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Seton Hall University

Hiding in Plain Sight: Professor Nathan Oates Crafts a Thrilling Tale of Deception in New Novel, A Flaw in the Design

Professor Nathan Oates

Professor Nathan Oates

Professor and Director of Undergraduate Writing Studies Nathan Oates knows a thing or two about plot twists, and how to keep a reader on the edge of his or her seat. His new novel, A Flaw in the Design, is a psychological thriller published earlier this year by Penguin Random House to positive reviews in The New York Times, The Guardian, The Observer, and The Daily Mail. The book was soon optioned for development as a TV show by Carnival Films (a UK-based film company, best known for "Downton Abbey"). 

In it, the life of a writing professor is derailed when he becomes guardian of his very charming, but dangerous nephew, whose parents have suddenly and mysteriously died. Described as a "propulsive, edge-of-your-seat debut psychological thriller," and a "psychological thriller par excellence" by The Guardian, A Flaw in the Design was released in March 2023. It received high praise from fellow novelists, including the best-selling author of The Paper Palace, Miranda Cowley Heller, who called it "an absolute page-turner." Of it she wrote, "I read it in a single sitting."

Oates, who has a master’s degree from The Johns Hopkins University and a Ph.D. from the University of Missouri, teaches creative writing at Seton Hall and has been on sabbatical for the past year. He is returning to the University in the upcoming spring term. He cites Flannery O’Connor as a primary influence on his writing, having studied her work, picking it apart with great reverence so he could learn the best elements of writing psychological thrillers. He calls Stephen King a strong influence on his writing, too. As a teenager, Oates read the works of King and says "I became completely, and maybe unhealthily obsessed."

This dismayed his parents, who both had graduate degrees in English. His father was an English professor and would hand over books by Faulkner and F. Scott Fitzgerald. "I would reluctantly sometimes read them and sometimes pretend to read them," said Oates, "But really, I loved the thriller element of Stephen King."

A Flaw in the Design Book Cover

A Flaw in the Design Book Cover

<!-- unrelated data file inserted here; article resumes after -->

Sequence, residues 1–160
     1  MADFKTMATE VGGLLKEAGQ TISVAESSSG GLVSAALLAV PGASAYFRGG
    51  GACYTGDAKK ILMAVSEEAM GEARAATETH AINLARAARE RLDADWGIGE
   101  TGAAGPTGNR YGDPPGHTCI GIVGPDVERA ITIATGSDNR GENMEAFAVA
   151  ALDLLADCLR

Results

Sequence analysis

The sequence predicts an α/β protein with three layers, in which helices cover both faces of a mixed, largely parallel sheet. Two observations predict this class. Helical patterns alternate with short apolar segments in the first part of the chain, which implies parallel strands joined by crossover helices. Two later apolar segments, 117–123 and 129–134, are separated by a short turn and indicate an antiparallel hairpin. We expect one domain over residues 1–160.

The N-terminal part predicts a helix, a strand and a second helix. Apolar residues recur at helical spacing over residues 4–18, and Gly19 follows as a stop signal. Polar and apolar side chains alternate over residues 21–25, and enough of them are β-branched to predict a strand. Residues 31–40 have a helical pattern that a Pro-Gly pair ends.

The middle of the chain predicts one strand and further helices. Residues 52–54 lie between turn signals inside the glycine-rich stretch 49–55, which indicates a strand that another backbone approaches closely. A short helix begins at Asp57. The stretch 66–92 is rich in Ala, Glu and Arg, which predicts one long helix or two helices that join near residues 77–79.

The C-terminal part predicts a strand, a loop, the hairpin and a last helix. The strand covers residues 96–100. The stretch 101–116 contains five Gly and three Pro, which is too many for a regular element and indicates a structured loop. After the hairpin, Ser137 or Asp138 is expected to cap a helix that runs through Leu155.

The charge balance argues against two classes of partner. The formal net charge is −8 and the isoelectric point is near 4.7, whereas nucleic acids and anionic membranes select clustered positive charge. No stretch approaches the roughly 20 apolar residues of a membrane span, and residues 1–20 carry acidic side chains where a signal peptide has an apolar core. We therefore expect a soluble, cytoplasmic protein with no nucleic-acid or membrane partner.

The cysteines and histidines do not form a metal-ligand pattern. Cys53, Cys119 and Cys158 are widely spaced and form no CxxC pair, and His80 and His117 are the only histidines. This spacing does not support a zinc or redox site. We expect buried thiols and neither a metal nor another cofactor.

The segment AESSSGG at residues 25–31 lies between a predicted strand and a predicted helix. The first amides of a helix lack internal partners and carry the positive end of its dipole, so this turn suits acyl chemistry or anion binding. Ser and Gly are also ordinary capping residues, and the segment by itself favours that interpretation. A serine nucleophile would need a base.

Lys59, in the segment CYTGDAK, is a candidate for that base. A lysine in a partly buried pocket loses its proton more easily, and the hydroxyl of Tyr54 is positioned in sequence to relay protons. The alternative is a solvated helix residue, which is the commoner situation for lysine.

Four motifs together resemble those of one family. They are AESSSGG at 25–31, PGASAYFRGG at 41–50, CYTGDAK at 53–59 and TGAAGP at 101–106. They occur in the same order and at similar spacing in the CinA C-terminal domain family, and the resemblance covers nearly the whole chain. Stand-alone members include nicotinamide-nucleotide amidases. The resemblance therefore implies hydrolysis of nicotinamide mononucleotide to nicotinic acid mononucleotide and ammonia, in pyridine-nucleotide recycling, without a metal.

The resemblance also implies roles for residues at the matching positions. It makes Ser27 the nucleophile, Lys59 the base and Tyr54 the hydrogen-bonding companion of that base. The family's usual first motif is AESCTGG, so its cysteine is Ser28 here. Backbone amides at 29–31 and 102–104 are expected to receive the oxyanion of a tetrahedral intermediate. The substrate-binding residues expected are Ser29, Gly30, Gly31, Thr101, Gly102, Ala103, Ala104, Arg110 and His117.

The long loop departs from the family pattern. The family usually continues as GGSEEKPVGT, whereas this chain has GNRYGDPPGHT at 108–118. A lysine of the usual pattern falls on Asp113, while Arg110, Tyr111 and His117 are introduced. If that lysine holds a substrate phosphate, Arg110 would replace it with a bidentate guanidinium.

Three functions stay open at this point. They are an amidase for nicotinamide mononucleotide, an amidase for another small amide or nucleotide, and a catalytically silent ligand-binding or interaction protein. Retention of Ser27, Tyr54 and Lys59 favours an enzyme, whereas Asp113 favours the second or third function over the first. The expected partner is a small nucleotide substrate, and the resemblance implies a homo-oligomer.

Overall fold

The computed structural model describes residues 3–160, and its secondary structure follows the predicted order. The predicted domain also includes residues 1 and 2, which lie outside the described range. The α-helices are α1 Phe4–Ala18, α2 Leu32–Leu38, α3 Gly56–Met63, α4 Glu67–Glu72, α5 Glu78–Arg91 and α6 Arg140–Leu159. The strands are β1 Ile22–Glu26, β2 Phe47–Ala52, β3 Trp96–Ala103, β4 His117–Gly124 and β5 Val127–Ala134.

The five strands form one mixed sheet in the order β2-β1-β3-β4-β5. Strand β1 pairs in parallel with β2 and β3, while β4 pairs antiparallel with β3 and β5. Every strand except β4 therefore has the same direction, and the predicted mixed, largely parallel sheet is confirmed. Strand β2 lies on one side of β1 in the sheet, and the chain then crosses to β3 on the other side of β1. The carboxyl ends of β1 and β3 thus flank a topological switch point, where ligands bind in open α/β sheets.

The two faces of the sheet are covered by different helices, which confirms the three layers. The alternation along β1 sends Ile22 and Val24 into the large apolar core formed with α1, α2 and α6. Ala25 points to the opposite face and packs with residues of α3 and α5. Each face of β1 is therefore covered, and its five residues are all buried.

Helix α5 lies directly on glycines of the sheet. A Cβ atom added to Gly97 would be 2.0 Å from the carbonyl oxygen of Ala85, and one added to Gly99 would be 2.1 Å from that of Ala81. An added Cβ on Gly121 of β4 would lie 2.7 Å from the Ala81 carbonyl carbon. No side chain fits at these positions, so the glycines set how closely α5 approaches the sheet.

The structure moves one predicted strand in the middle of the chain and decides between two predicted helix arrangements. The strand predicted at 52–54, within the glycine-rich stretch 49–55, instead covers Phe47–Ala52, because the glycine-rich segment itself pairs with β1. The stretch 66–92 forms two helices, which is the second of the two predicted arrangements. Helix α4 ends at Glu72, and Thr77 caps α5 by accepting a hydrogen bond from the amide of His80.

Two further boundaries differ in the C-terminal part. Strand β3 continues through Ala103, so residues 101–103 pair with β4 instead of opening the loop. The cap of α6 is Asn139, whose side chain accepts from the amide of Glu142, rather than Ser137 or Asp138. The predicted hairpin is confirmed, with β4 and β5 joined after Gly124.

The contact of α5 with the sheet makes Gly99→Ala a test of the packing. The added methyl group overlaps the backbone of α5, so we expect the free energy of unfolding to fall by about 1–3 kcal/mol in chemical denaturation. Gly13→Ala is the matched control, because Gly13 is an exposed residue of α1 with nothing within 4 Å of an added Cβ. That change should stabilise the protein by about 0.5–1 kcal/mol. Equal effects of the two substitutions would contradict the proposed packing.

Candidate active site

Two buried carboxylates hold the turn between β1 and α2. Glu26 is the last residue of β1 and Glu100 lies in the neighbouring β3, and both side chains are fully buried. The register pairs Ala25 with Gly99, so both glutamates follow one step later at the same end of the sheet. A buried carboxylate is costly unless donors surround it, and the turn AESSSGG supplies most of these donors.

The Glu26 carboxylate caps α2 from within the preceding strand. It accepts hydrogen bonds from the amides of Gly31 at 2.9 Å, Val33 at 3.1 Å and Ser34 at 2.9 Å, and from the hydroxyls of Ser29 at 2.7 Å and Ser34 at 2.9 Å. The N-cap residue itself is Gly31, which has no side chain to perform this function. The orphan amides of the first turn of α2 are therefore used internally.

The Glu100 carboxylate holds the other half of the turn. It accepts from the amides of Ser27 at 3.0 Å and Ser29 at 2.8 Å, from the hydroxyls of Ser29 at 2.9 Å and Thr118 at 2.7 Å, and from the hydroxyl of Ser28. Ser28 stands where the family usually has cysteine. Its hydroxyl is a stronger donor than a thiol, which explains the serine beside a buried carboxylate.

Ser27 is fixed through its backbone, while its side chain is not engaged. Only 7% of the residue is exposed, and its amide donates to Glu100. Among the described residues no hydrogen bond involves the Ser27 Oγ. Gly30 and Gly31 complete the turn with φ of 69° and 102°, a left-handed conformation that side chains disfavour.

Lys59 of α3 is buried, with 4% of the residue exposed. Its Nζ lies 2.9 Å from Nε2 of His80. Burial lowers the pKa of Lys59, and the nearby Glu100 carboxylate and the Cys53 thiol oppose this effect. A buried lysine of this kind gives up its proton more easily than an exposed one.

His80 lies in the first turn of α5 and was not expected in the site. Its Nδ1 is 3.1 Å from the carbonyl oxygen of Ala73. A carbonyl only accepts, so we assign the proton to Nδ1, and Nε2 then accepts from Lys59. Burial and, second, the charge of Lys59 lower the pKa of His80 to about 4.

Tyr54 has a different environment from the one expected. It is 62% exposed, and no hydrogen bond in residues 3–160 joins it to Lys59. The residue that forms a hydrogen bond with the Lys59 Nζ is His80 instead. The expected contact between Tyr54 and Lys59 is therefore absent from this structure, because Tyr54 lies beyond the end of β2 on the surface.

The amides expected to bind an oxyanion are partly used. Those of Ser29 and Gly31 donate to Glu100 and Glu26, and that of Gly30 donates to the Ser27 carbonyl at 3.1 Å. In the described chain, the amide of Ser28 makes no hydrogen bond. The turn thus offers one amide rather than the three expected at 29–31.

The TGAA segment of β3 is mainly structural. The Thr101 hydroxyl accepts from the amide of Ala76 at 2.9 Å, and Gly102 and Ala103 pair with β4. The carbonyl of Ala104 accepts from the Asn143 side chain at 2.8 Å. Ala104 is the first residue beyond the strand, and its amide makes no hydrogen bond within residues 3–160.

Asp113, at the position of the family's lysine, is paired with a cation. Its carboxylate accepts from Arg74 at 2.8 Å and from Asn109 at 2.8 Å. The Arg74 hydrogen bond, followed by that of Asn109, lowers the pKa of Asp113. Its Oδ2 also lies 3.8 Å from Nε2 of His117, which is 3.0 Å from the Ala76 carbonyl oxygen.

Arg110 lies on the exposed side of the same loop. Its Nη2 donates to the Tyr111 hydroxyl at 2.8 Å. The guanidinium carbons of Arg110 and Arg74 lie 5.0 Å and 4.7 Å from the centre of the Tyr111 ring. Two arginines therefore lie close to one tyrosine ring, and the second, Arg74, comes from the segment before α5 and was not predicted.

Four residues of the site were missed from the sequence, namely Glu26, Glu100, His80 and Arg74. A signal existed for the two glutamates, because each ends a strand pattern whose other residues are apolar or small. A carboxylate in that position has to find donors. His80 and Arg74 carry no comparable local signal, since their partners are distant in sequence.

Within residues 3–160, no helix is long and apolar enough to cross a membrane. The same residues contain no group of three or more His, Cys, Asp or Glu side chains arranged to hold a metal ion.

Oates says he wasn’t sure A Flaw in the Design would evolve into a novel. "When this book started, I thought it was going to be a short story," Oates said. "I wrote the first ten pages and I realized there was no possible way I could tell the story properly, but I didn't quite know how to tell it." At that time, he was teaching, applying for tenure, and recalls realizing he was too busy to write a novel.  

While new to the novel arena, Oates is far from a novice. Previously, he wrote and published short stories. His debut collection, The Empty House, won the Spokane Prize, and his stories have appeared in The Missouri Review, Alaska Quarterly Review, Copper Nickel, West Branch, and The Best American Mystery Stories, among other highly respected and competitive literary publications. He honed his focus on the thriller genre during highly selective fellowships from The Writing Seminars at Johns Hopkins University, the University of Missouri, the New York State Summer Writers Institute, and the Sewanee Writers’ Conference. 

"Toward the end of my Ph.D., right before I got hired at Seton Hall, I had a short story that was chosen for Best American Mystery Stories, and I had no idea that I had written a story that could qualify for that," said Oates, who was humbled by the experience.  "And so, I thought, 'Well, people liked that story. Maybe I should like that kind of story. Maybe I should lean that way in my writing', so that's what I've been doing for the past decade leading into this novel."

Oates later took a leave for a year with his family in Florence, Italy.  With a year off from teaching, the longest since he was 23, he thought, "If I'm ever going to write a novel, I'm going to do it now because I've never had this time before. Who knows when I'll have it again?"

The idea for A Flaw in the Design, he says, had been in his mind for a long time prior. "Stories or narratives work two ways for me. Either they arrive all in a rush, which is my preferred way, but it's rare, or they sort of sit and percolate and sort of float around in my mind, and I can't quite figure them out for years, often. This story was the latter."

Oates has long been fascinated with the idea of a character’s true nature, good and evil, and what happens when "the sort of badness that expresses itself sometimes in childhood was in fact their fundamental self, and that it sort of bloomed and blossomed." His character Matthew fits this profile. 

His advice to his students who have aspirations of becoming novelists is to, "read as widely, variously, and capaciously as possible. That is how one learns how to write… always try to stretch your sense of what's possible with the sentence and story and find the way that people have done it. Study it and bring it back to your own work."

Categories: Education